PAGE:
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It Might Get Loud

Jack White’s Summit with Jimmy Page, The Edge

Oct. 7, 2009
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Rock guitar gods were a product of the 1960s and Jimmy Page, who went on to reign over much of the ‘70s with Led Zeppelin, was an original member of the pantheon. By the time the Edge gained acclaim, punk rock had already questioned the efficacy of guitar gods. But if the ‘80s had a presiding spirit of guitar grandeur, the Edge defined it with U2. When Jack White came up in the rap-ridden ‘90s, even a guitar hero—much less a god—seemed anachronistic. But with the White Stripes and other groups, White has kept the restless ghost of rock’n’roll rattling at the edges of pop culture.

What if you brought these three together for a little conversation and a jam session? That was the idea behind It Might Get Loud, the fascinating documentary by Davis Guggenheim (An Inconvenient Truth), but the scope of the concept broadened to embrace nothing less than the search for creativity and the meaning of artistic expression. Aside from the wide generational span, these three definitely do not look like they belong in the same band. With his long coat and ruffled sleeves, Page plays the Edwardian dandy; his watch cap pulled down over his hard features, the Edge resembles an enforcer from the docks; with his rumpled hat, vest and necktie, White suggests a Depression era vagabond. What they share is a love of music, specifically the electric guitar, and a sense that music saved them from a life without meaning, giving them the possibility to connect and share with the wider world.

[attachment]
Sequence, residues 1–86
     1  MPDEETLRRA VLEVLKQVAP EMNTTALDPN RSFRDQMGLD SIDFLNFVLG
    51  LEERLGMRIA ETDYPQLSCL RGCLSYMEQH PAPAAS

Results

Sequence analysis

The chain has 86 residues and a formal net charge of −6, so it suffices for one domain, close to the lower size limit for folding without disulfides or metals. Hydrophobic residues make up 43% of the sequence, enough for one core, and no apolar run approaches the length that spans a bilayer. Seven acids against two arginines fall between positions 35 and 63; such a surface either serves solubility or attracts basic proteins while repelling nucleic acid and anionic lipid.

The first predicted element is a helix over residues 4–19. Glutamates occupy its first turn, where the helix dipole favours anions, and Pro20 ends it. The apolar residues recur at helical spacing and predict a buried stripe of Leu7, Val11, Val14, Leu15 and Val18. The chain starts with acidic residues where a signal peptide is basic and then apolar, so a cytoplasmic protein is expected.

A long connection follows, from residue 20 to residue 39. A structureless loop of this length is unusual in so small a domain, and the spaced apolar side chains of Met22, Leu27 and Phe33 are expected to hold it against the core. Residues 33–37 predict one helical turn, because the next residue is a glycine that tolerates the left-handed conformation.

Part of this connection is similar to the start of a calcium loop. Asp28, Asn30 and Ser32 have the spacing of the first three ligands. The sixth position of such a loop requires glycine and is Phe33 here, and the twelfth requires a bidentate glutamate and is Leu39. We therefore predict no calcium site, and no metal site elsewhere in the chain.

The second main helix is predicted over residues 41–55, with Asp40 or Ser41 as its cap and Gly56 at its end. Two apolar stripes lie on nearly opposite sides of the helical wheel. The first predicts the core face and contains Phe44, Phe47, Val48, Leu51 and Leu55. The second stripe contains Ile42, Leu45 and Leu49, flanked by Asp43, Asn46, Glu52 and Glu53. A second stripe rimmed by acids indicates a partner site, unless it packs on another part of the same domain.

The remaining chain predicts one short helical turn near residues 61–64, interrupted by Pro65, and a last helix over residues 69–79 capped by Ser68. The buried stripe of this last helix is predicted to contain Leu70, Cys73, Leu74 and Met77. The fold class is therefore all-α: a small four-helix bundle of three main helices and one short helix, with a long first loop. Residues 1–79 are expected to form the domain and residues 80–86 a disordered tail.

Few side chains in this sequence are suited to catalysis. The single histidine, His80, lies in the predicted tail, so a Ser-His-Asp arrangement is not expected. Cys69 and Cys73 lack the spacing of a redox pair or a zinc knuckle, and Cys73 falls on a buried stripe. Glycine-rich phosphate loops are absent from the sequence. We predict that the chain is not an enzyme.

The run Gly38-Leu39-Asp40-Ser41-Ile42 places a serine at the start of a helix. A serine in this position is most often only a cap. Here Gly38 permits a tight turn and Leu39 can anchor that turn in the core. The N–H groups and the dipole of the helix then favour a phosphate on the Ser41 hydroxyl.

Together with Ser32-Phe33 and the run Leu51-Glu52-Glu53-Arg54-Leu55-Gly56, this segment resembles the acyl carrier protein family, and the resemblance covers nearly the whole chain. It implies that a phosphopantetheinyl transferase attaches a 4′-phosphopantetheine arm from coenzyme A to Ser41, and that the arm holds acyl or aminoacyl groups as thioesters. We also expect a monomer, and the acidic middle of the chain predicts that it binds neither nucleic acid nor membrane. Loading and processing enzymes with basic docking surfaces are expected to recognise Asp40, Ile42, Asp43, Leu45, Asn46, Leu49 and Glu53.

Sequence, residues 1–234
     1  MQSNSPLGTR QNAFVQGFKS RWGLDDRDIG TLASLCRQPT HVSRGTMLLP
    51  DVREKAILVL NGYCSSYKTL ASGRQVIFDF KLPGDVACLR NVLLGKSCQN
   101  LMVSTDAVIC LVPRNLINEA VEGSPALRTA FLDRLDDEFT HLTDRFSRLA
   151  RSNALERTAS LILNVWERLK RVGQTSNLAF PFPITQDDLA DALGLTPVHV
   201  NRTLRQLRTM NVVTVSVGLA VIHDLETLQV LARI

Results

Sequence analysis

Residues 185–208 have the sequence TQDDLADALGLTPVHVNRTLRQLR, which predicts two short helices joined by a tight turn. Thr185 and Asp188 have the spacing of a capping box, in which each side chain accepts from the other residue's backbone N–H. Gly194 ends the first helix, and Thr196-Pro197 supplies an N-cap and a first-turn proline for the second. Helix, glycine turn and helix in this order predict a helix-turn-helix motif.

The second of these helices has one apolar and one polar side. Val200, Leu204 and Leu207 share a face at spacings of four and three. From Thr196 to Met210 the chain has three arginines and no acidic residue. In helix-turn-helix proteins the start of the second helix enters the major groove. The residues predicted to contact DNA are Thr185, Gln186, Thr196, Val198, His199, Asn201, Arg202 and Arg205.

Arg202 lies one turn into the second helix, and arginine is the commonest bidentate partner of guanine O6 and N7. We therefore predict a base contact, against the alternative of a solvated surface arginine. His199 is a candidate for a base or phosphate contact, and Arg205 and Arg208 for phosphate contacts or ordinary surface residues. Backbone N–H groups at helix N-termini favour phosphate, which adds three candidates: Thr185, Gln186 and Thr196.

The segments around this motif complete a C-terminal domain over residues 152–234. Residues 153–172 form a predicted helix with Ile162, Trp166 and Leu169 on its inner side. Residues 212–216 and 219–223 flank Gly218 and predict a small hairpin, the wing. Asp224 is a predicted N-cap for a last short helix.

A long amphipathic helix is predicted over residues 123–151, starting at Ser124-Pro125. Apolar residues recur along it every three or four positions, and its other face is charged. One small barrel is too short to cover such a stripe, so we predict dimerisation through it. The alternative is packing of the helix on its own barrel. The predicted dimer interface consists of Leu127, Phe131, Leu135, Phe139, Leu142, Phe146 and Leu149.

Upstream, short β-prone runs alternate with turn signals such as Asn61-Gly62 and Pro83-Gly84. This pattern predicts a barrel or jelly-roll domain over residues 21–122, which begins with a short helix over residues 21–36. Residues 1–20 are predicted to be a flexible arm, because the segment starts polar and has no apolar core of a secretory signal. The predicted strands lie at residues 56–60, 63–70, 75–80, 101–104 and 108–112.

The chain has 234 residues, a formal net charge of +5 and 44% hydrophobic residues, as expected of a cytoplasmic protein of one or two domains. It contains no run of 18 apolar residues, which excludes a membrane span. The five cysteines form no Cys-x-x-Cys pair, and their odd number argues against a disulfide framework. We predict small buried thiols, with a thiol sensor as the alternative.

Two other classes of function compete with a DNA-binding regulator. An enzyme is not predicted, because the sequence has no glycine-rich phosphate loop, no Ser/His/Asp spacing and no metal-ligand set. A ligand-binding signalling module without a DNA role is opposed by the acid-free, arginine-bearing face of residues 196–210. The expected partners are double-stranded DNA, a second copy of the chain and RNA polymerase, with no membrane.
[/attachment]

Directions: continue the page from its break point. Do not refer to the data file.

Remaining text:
They don’t actually play much together in It Might GetLoud, and the three-way discussions are widely spaced within an intelligently conceived zigzag between their separate histories, crisscrossing between their home environments, recollections of times past and archival scenes of bygone days. Most revealing is footage of Page as a wee lad in a skiffle band and an early, snarky new wave incarnation of U2.

They don’t share the same roots. White, the youngest, is most committed to olden times with the terrifying, dark force he finds in Mississippi Delta blues of the 1930s. Page, an omnivore, also loves the blues—and a hundred other things. The Edge has no discernable musical roots, but built U2’s vaulted cathedral of sound from a painterly sensibility, picking emotional colors from the vast palette of the electric guitar and an endless set of effects. In contrast, White disdains advances in technology, “the destroyer of emotion and truth.”

Punk, which rebelled against Led Zeppelin, was a spark for both the Edge and White. But that cultural struggle seems as distant now as the Crimean War. Despite their disparate past, the three guitarists prove to be amiable companions, trading riffs and reflections and finding at least one common point of origin—the will to escape from bleak places at bleak times into a world of community and creative expression.

It Might Get Loud opens Friday, Oct. 9 at the Oriental Theatre.


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